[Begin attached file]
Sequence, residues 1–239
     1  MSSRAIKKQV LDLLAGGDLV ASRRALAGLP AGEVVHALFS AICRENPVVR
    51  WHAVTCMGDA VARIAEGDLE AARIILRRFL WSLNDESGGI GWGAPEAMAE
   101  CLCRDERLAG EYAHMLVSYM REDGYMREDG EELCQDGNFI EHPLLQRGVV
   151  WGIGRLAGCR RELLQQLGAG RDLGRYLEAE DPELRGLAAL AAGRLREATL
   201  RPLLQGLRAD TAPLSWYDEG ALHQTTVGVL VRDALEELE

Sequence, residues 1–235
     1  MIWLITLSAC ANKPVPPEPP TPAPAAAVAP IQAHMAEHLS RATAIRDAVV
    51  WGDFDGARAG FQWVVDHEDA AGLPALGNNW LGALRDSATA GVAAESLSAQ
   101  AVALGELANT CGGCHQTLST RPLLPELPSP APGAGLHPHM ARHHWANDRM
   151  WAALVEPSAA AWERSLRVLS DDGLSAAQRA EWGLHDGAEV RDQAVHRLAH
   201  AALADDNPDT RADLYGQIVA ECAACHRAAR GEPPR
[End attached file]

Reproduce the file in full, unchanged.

Sequence, residues 1–239
     1  MSSRAIKKQV LDLLAGGDLV ASRRALAGLP AGEVVHALFS AICRENPVVR
    51  WHAVTCMGDA VARIAEGDLE AARIILRRFL WSLNDESGGI GWGAPEAMAE
   101  CLCRDERLAG EYAHMLVSYM REDGYMREDG EELCQDGNFI EHPLLQRGVV
   151  WGIGRLAGCR RELLQQLGAG RDLGRYLEAE DPELRGLAAL AAGRLREATL
   201  RPLLQGLRAD TAPLSWYDEG ALHQTTVGVL VRDALEELE

Sequence, residues 1–235
     1  MIWLITLSAC ANKPVPPEPP TPAPAAAVAP IQAHMAEHLS RATAIRDAVV
    51  WGDFDGARAG FQWVVDHEDA AGLPALGNNW LGALRDSATA GVAAESLSAQ
   101  AVALGELANT CGGCHQTLST RPLLPELPSP APGAGLHPHM ARHHWANDRM
   151  WAALVEPSAA AWERSLRVLS DDGLSAAQRA EWGLHDGAEV RDQAVHRLAH
   201  AALADDNPDT RADLYGQIVA ECAACHRAAR GEPPR